(If her name sounds vaguely familiar, it might be because of her namesake, Mary Augusta Ward (née Arnold) who was born in Hobart, Tasmania, coincidentally also in June 1851. After moving to England she married an Oxford don and, as Mrs Humphry Ward, became England’s highest-earning novelist after her novel Robert Elsmere was published in 1888. She was also a social reformer who helped to organize the first women’s lectures at Oxford and later began the ‘play centres for children’ movement to enable working-class mothers to go out to work, a legacy that continues in the valuable work of the Mary Ward Centre in London today. But if the ‘Oxford’ Mary Ward, once so famous, is remembered at all today, it is less for her considerable achievements than as (whisper it) a traitor to her sex. In 1908 she became the leading spokesperson for the Women’s National Anti-Suffrage League and ‘the person who impeded women getting the vote for seven long years’, as the critic John Sutherland wrote in his article about her, ‘The suffragettes’ unlikeliest enemy’.)

Coincidentally, and by some contrast, it was around this time that the (less famous) Mary Ward took up arms on behalf of women’s right to vote. In 1905 she was appointed Honorary Secretary for the Cambridge Women’s Suffrage Association, and it was largely due to Ward that plans became more ambitious for women’s suffrage in the region: in 1911 she helped to found the Eastern Counties Federation of the National Union of Women’s Suffrage Societies and she galvanised the movement by holding lively meetings held at her house. In 1908, as Mrs James Ward, she published her play Man and Woman: The Question of the Day. This lively play was very popular with suffrage societies for the next few years, with the main character, Helen, telling a female anti-suffragist ‘Women may let politics alone, politics don’t let them alone’. Although she disagreed with the militant tactics of the suffragettes, Mary Ward was horrified by the government’s treatment of suffragist prisoners, and in 1913 she resigned her membership of the Liberal Party in protest.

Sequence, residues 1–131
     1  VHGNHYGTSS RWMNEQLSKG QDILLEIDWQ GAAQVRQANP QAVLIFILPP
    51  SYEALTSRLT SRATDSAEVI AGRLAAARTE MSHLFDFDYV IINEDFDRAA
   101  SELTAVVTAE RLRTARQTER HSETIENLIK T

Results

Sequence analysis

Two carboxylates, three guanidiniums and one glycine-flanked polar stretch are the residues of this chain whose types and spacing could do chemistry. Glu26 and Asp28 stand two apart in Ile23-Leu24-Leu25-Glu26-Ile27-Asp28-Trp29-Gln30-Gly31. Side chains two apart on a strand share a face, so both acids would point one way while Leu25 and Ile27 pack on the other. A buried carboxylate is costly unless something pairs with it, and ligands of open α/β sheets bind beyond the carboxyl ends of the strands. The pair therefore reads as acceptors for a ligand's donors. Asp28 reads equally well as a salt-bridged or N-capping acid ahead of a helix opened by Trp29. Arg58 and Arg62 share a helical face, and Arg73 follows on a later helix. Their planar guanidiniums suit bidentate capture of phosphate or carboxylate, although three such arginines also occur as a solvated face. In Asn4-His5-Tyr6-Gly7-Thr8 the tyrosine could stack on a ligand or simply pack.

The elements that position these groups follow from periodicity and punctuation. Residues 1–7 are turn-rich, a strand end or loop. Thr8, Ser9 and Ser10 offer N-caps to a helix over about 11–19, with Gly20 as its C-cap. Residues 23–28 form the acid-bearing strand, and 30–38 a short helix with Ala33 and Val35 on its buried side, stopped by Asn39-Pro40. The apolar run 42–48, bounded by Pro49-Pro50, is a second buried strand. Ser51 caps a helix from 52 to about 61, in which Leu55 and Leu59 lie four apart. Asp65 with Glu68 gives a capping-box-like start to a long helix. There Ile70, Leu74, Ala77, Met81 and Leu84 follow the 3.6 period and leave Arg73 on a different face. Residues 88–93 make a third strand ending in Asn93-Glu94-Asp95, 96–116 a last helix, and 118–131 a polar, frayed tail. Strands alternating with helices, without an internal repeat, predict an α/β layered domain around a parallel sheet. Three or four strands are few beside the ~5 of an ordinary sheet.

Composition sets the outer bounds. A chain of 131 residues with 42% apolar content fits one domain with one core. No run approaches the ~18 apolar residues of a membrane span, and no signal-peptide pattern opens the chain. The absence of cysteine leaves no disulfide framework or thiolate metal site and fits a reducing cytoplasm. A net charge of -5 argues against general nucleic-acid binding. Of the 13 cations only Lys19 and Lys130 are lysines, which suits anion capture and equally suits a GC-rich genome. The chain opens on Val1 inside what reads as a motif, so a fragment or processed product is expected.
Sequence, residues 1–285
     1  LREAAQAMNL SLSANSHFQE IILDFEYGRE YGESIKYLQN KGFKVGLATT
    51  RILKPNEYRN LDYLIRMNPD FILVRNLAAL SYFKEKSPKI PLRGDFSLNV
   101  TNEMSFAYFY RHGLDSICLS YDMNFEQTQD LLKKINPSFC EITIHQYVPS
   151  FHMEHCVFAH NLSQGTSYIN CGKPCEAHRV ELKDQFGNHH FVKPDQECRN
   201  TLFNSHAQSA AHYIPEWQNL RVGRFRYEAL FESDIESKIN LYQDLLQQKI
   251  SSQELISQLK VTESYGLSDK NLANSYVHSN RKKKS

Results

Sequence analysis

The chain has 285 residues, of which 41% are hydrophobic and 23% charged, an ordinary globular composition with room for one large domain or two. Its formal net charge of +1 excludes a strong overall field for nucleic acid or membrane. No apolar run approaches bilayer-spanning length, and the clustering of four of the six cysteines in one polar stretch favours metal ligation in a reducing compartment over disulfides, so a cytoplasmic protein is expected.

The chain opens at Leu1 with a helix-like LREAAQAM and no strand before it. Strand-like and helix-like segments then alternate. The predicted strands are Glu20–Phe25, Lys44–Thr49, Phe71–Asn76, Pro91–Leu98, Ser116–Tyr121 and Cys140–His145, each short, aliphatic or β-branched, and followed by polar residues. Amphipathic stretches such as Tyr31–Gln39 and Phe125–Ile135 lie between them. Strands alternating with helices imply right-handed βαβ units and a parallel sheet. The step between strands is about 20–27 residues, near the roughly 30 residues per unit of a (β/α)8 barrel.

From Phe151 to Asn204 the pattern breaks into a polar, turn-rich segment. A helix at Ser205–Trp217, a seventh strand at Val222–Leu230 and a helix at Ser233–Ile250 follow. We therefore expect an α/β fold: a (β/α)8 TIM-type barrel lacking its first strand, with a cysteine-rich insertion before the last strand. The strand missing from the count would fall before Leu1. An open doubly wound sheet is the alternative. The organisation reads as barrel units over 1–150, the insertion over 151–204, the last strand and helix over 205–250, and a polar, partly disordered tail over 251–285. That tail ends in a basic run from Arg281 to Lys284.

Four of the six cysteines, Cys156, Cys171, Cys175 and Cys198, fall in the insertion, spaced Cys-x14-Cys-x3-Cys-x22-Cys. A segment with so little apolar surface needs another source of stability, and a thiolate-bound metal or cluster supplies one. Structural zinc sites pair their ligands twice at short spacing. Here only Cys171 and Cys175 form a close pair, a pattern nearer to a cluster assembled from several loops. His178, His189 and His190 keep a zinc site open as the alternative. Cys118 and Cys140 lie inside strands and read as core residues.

Still frail in appearance, and beginning to fail in health, Mary never lost her urge to fight for women’s rights. In July 1913, at the age of 62, she was one of the leaders of the group who marched from Cambridge to London as part of the huge countrywide pilgrimage of pro-women’s suffrage supporters, including many men. She also never lost her Irish accent, her self-deprecating humour, and her interest in others: ‘”now tell me”, she would begin, with shining blue eyes; and then she would listen, appreciatively, relishing all the details, and recounting her own experiences with gusto, all the more gaily if they were disastrous’ (Lawson Dodd, 46).

Ann Kennedy Smith

Please reference as follows: Ann Kennedy Smith, ‘The other Mary Ward’ https://akennedysmith.wordpress.com/(Accessed: day/month/year)

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Mary Ward in Newnham College Roll Newsletter, January 1934, frontispiece

Sources: H.M. Lawson Dodd and others, ‘Mrs James Ward (Mary Jane Martin) Newnham Hall 1876-1879’ Newnham College Roll Newsletter, January 1934, pp. 38-47; ‘Ward, Mrs Mary (1851-1933) in E. Crawford, The Women’s Suffrage Movement: A Reference Guide 1866-1928 (1999); ‘A Petticoat Pilgrimage’ Cambridge Daily News (21 July 1913); Cambridgeshire Archives CWSA Papers 1884 –1919. With thanks to Newnham College for permission to use the photographs of Mary Ward.